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story

sto·ry1 / ˈstôrē/ • n. (pl. -ries) 1. an account of imaginary or real people and events told for entertainment: an adventure story I'm going to tell you a story. ∎  a plot or story line: the novel has a good story. ∎  a report of an item of news in a newspaper, magazine, or news broadcast: stories in the local papers. ∎  a piece of gossip; a rumor: there have been lots of stories going around, as you can imagine. ∎ inf. a false statement or explanation; a lie: Ellie never told stories—she had always believed in the truth. 2. an account of past events in someone's life or in the evolution of something: the story of modern farming the film is based on a true story. ∎  a particular person's representation of the facts of a matter, esp. as given in self-defense: during police interviews, Harper changed his story. ∎  [in sing.] a situation viewed in terms of the information known about it or its similarity to another: having such information is useful, but it is not the whole story | many children with leukemia now survive—twenty years ago it was a very different story. PHRASES: but that's another story inf. used after raising a matter to indicate that one does not want to expand on it for now. end of story inf. used to emphasize that there is nothing to add on a matter just mentioned: Men don't cry in public. End of story. it's a long story inf. used to indicate that, for now, one does not want to talk about something that is too involved or painful. it's (or that's) the story of one's life inf. used to lament the fact that a particular misfortune has happened too often in one's experience: “It's the story of my life,” my mother would say when she returned home from a sale empty-handed. the same old story used to indicate that a particular bad situation is tediously familiar: are we not faced with the same old story of a badly managed project? the story goes it is said or rumored: the story goes that he's fallen out with his friends. to make (or Brit. cut) a long story short used to end an account of events quickly: to make a long story short, I married Stephen. sto·ry2 (Brit. also sto·rey) • n. a part of a building comprising all the rooms that are on the same level: [in comb.] a three-story building. DERIVATIVES: sto·ried (Brit. also sto·reyed) adj. [in comb.] four-storied houses.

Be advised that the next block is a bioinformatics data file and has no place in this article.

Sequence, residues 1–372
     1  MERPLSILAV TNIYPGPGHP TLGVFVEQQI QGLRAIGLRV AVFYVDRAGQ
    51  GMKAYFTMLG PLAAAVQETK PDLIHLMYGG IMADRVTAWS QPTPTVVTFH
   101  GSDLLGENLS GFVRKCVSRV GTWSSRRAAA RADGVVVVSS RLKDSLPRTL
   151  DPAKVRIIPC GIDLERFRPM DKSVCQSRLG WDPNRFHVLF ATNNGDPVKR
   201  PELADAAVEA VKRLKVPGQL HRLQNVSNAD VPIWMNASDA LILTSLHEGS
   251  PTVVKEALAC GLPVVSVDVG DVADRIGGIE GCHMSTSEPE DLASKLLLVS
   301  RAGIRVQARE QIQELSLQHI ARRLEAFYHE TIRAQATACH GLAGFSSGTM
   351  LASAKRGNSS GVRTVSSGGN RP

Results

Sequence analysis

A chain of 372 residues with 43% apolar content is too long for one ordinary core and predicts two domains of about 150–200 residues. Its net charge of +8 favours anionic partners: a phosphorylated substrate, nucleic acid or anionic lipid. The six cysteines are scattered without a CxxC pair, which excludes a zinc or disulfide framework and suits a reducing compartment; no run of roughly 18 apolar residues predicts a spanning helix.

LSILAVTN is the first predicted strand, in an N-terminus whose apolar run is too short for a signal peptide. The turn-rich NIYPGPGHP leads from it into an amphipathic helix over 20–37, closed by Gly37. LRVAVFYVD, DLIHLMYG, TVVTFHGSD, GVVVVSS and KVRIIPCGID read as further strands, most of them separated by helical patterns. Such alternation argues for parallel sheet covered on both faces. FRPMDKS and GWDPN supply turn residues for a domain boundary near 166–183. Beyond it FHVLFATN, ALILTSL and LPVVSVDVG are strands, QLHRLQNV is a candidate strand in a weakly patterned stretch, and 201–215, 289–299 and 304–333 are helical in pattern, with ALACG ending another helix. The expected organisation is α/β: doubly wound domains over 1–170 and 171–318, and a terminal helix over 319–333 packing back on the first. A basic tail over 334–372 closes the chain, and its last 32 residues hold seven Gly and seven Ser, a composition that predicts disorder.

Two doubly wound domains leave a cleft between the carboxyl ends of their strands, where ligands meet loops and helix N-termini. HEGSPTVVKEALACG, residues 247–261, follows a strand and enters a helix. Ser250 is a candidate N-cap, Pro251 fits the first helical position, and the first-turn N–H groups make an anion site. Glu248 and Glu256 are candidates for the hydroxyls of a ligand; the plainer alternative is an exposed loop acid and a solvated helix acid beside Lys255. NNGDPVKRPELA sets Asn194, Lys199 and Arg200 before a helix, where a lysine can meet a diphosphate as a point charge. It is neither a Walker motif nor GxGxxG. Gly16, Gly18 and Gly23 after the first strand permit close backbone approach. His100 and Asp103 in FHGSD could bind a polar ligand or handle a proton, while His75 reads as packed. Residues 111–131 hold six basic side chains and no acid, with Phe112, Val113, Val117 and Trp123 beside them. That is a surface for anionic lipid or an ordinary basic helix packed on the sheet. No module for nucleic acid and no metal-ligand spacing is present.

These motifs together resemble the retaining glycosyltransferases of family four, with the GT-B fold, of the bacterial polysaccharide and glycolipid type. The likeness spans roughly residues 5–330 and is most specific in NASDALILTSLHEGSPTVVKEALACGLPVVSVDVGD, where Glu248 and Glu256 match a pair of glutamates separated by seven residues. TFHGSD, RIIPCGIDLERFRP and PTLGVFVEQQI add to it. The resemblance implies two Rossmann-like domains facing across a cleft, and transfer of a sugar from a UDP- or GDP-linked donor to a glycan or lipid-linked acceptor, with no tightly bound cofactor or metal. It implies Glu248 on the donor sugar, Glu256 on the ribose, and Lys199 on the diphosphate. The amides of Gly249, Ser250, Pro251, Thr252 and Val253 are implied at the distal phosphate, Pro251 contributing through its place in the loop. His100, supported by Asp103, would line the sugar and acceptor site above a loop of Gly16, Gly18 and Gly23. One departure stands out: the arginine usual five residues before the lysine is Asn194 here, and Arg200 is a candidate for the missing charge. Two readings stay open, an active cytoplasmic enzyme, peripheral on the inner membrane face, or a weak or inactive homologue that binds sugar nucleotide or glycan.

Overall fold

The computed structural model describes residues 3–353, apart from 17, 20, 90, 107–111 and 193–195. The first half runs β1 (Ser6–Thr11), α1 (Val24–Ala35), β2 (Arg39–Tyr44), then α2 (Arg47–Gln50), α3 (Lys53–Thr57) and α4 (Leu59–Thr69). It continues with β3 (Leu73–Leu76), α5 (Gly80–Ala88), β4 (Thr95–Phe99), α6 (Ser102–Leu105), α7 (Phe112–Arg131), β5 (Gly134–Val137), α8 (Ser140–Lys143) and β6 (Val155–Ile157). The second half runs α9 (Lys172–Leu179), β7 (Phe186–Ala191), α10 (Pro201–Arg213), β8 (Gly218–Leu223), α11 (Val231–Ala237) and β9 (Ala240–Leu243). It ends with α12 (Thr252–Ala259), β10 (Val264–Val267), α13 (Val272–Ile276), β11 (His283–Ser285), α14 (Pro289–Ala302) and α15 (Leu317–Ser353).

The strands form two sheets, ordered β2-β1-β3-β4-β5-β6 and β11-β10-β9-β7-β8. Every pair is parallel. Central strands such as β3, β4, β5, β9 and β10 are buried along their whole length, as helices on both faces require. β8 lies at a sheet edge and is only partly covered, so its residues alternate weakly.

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story

story but that's another story used after raising a matter to indicate that one does not want to expand on it for now.
one story is good till another is told proverbial saying, late 16th century; meaning that doubt may be cast on an apparently convincing account by a second told from a different angle.

See also cock and bull story, every picture tells a story.

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story

story1 †historical relation or anecdote, historical writing XIII; recital of events XIV; narrative designed for entertainment, tale XIV; account XVII. Aphetic — AN. estorie (OF. estoire, mod. histoire) — L. historia HISTORY.

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story

story2 see STOREY.

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story

storyFlorrie, Laurie, lorry, Macquarie, quarry, sorry, whare •Rhodri • Godfrey • hostelry •Coventry • quixotry •cacciatore, Corey, dory, Florey, flory, furore, glory, gory, hoary, hunky-dory, lory, Maury, monsignori, Montessori, multistorey, Pori, Rory, satori, saury, storey, story, Tory, vainglory •Aubrey • aumbry •Audrey, bawdry, tawdry •laundry •gallimaufry, orphrey •palfrey • paltry • outlawry • centaury •clerestory (US clearstory) •understorey •cowrie, kauri, Lowry, Maori •Cowdrey • foundry • Rowntree •ochry (US ochery) • poultry •coxcombry • matsuri • Kirkcudbright •shoetree •Hurri, potpourri •kukri • century • penury • estuary •residuary • augury • mercury

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